The Criterion Collection professes to bring together “important classic and contemporary films,” and it doesn’t discriminate based on genre snobbery. Recognizing a great many science fiction and fantasy films among its carefully curated collection, Criterion understands that SFF movies can be as brilliantly thoughtful and entertaining than their non-genre counterparts. (Often more so, if you ask us.) And naturally, SFF films often especially benefit from Criterion’s top-notch presentation.
In celebration of our ongoing Criterion 50 percent off sale, now through August 4, here is ample proof—in the form of 15 essential films, of the wide and wild diversity of SFF from around the world meets the standards of cinema’s own black label.
The newest sci-fi addition to the Criterion Collection is a film with remarkable currency in our own time—said everyone since the original George Orwell novel was published shortly after the end of World War II. This visually striking and emotionally harrowing British production, directed by Michael Radford (Il Postino) came out in the year of the novel’s title and setting but is no mere opportunistic cash-in, bringing the stark oppression of the classic text to vivid life. In a time of endless surveillance and constant war, John Hurt stars as a disaffected citizen who risks everything for a relationship with a rebel, defying culturally mandated conformity in the name of freedom and individuality. The new 4K restoration presents the cinematography of Academy Award-winner Roger Deakins in its best light, and the bonus features include a choice of alternate scores—one in the classical mold from Radford’s preferred composer Dominic Muldowney; the other a studio-mandated ’80s pop take from the Eurythmics.
By right, The Blob should be a silly and forgettable bit of ’50s sci-fi schlock. But the film’s pedigree has made it a classic: this is the movie that introduced the world to Steve McQueen, and it opens with a catchy Burt Bacharach-written song that makes clear that it’s all in good fun. The story of an alien amoeba crashing down in small-town Pennsylvania, with teenager McQueen in hot pursuit, has become an absolute cult classic.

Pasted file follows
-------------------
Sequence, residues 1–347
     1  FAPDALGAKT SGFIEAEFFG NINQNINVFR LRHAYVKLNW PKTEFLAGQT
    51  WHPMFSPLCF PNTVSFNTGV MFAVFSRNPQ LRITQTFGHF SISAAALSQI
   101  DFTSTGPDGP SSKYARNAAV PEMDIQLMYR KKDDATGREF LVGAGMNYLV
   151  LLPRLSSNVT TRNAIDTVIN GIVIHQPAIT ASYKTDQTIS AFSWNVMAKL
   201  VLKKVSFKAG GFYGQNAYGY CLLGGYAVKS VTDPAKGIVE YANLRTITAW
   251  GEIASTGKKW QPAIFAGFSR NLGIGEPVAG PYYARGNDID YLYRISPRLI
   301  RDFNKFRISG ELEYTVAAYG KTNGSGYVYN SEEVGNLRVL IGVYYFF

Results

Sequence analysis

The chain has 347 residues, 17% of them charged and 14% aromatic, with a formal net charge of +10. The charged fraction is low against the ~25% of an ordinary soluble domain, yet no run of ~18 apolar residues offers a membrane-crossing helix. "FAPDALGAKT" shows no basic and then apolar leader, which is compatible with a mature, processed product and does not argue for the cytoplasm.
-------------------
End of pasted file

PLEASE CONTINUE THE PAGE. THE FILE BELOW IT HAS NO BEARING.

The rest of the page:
The ultimate kaiju movie also happens to be a brilliant bit of filmmaking and a very pointed take on the perils of the nuclear age from a country with good reason to fear the bomb. The plot is familiar: radioactive beast terrorizes Tokyo, but this first outing is also deeply human. The Criterion edition includes the original Japanese version, as well as the American cut with Raymond Burr.
Robinson Crusoe on Mars
Crusoe works on two levels, and they’re somewhat contradictory: on one level, it’s a lush and gorgeous technicolor fantasy about a man and his pet monkey lost on Mars featuring some truly imaginative special effects from master Byron Haskin. On another, it’s surprisingly realistic, taking its lead character’s plight seriously and offering up a vision of Mars that’s maybe not scientifically accurate, but well considered and plausible, at least circa 1964.
The experimental film covers a lot of science fiction ground in its short running time, some of which will be familiar if you’ve seen the movie or TV versions of 12 Monkeys, which are quite loosely based on this film. A prisoner in post-WWIII Paris becomes the subject of a plan to send people into the past and future to bring back help for the apocalyptic present. The prisoner visits a memory of his own childhood before seeing the far future in the twisty-turny story. The Criterion edition comes with Marker’s follow-up travelogue, Sans Soleil.
Things to Come
Inexplicably forgotten, Things to Come isn’t just a triumph of design, it also boasts one of the most impressive screenwriting credits in science fiction film history: H. G. Wells himself wrote the screenplay and collaborated on other aspects of the movie. Tracing the path of human history from 1940 (the film came out in 1936) through to 2036, it’s surprisingly prescient about some of the challenges (world war and dictatorship among them) to be faced by humanity in the century to come. The megabudget production was one of the very first serious sci-fi films.
Grizzled repo man Harry Dean Stanton takes young and rowdy Emilio Estevez under his wing in this supremely weird, very funny cult film. The two wind up on the hunt for a 1964 Chevy Malibu with aliens in the trunk. The punk soundtrack is killer, and the movie’s take on Reagan-era America is biting. It’s one of the quintessential punk films, and there’s been no other movie like it before or since.